Augustine (354-430): Because Paul and Barnabas were working miracles in Christ, because they had exceeded merely human limits, the pagans according to their wont called Barnabas Jupiter and Paul Mercury, because he was the readier talker, and they had already started to dedicate victims to them. They were so horrified by this honor that they tore their clothes and tried to teach them, as best they could, who alone was to be venerated, the one by whose power they were doing these things. John E. Rotelle, O.S.A., ed., The Works of Saint Augustine, Newly Discovered Sermons, Part 3, Vol. 11, trans. Edmund Hill, O.P., Sermon 198.13 (Hyde Park: New City Press, 1997), p. 193.

    Augustine (354-430): So if the reason he’s worshiped is that he is a middle something, why is that one not rather worshiped who calls back to himself the wit which you put in the middle, in order to make it break with and turn away from inferior things and unite itself to him? Such is the wit of the saints, the wit of the martyrs, the wit of the angels. Because if wit is such as that angel displayed whom I mentioned, wit enlightened by God, it thrusts away from itself any human veneration, and admonishes the one who would venerate it to venerate God instead. Venerate God, he said, for I too am your fellow slave, and the fellow of your brethren (Rv 19:10, 22:9). John E. Rotelle, O.S.A., ed., The Works of Saint Augustine, Newly Discovered Sermons, Part 3, Vol. 11, trans. Edmund Hill, O.P., Sermon 198.24 (Hyde Park: New City Press, 1997), p. 198.

    Liked by 1 person

    1. SB, thanks for the excellent references! Historian Geoffrey Ashe did a good job tracing Mariolatry back to the Collyridians in his book, “The Virgin: Mary’s Cult and the Re-Emergence of the Goddess” (1988).


  3. Hey, Papa Tom! This was one of the most absurd chapters I have ever read in any kind of literature in all my life. How does a bad queen mother correlate to Mary as being Queen of Heaven. This is an apples to oranges comparison not apples for apples. I am really starting to question how the Catholic view/veneration of Mary isn’t a primary doctrinal issue? I am really starting to see Marianism a salvation issue. Mary does not save people from their sins, Jesus did/does. Jesus says we are to pray in His Name only. We call on the name of the Lord Jesus Christ, not Mary. The Holy Spirit helps us and intercedes for us, not Mary. This is idolatrous and regardless how a person views the 10 Commandments, we shall have no other God before Him. I realize the RCC will refute they do this. As always, I am thankful for you and for your teaching and guiding me. Love and blessings to you and Corinne!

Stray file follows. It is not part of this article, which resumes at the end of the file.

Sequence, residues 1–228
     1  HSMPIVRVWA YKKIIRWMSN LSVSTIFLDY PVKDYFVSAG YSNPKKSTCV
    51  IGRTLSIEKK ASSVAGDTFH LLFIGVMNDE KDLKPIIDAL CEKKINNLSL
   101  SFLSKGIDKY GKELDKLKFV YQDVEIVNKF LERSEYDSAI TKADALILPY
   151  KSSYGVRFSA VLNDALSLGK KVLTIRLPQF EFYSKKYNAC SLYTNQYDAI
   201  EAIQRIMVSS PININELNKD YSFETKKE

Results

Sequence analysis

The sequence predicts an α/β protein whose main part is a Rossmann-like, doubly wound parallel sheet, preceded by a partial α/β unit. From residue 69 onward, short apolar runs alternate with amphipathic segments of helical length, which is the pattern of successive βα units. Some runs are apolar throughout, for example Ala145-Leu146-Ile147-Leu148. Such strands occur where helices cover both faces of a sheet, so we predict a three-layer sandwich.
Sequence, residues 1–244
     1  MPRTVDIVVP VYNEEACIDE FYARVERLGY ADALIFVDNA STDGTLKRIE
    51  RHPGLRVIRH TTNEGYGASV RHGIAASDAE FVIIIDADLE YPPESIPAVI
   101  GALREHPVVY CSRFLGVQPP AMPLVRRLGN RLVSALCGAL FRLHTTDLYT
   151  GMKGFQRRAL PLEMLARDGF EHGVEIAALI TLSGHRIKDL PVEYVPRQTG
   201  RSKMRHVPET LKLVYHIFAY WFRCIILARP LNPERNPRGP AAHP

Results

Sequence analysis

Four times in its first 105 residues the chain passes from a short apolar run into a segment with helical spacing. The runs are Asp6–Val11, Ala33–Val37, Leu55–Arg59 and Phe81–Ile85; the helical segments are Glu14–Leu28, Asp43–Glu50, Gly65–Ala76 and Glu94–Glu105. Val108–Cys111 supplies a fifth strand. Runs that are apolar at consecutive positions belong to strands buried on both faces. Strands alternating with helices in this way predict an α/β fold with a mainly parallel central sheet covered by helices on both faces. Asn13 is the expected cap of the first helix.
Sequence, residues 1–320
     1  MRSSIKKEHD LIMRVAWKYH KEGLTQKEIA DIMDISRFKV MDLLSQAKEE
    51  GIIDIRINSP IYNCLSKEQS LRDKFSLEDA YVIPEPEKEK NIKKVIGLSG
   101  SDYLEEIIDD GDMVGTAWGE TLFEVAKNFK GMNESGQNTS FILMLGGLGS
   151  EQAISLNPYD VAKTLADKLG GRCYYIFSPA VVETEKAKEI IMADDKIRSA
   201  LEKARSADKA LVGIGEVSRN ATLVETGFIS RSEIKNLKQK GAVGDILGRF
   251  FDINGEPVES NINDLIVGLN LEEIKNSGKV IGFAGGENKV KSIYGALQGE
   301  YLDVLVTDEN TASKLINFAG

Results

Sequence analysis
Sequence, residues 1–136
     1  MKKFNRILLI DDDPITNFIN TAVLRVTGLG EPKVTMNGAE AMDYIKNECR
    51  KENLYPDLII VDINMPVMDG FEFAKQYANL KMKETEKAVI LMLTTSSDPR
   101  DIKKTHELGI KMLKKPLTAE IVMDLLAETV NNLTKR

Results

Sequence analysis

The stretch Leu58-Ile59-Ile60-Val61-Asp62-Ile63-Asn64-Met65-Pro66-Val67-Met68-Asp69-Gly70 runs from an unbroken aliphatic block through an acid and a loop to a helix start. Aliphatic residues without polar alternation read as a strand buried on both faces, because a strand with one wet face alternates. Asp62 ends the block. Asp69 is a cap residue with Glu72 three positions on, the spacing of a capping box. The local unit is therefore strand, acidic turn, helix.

Liked by 1 person

    1. Thanks, Mandy! I really appreciate you interest and feedback in this series.
      RE: Marianism as a secondary or primary?
      You make a good point. Although I would formally see Marianism as a secondary difference, worship of her is definitely part of Catholic soteriology as Catholics perceive Mary as the “mediatrix/dispenser of all graces.” Catholics claim that all of the sacramental graces flow first through Mary. Yes, many Catholics pray directly to Mary for their salvation as well as other favors.
      Catholics will spin it every which way to “prove” their “veneration” of Mary ultimately honors her Son, etc., etc.
      Again, I’m thankful for your support and encouragement through this difficult series! Love and blessings to you and Nathan as well!

      Liked by 1 person

    1. 👋🏼 Hi my friend! Hope you’re having a good day. We went to the canal again today. My wife really enjoys that. Got a white hot with meat hot sauce from the food cart again. Had lunch watching the boats go by. Prepped the house some more and now it’s R&R time. BTW, my wife and I watched “American Gospel” on Netflix the last two nights and I wrote a short review this morning. We both really enjoyed it.

      Liked by 1 person

    1. Hey Jesse. Thanks for bringing this good article to my attention. Catholic apologist Broussard’s next section in his book – five chapters – is devoted to the saints. I will be examining many of the same items presented in your good article.


      1. I’m of the opinion that the fathers present challenges for both the evangelical and the Catholic. We can see a rising degree of veneration for the bishop of Rome in some of the patristic writings, but nothing like the imperial papacy of 500-1000 years later. The ascendancy of the bishop of Rome “makes sense” from a worldly perspective, as the early church became increasingly institutionalized, adopting the Roman imperial model.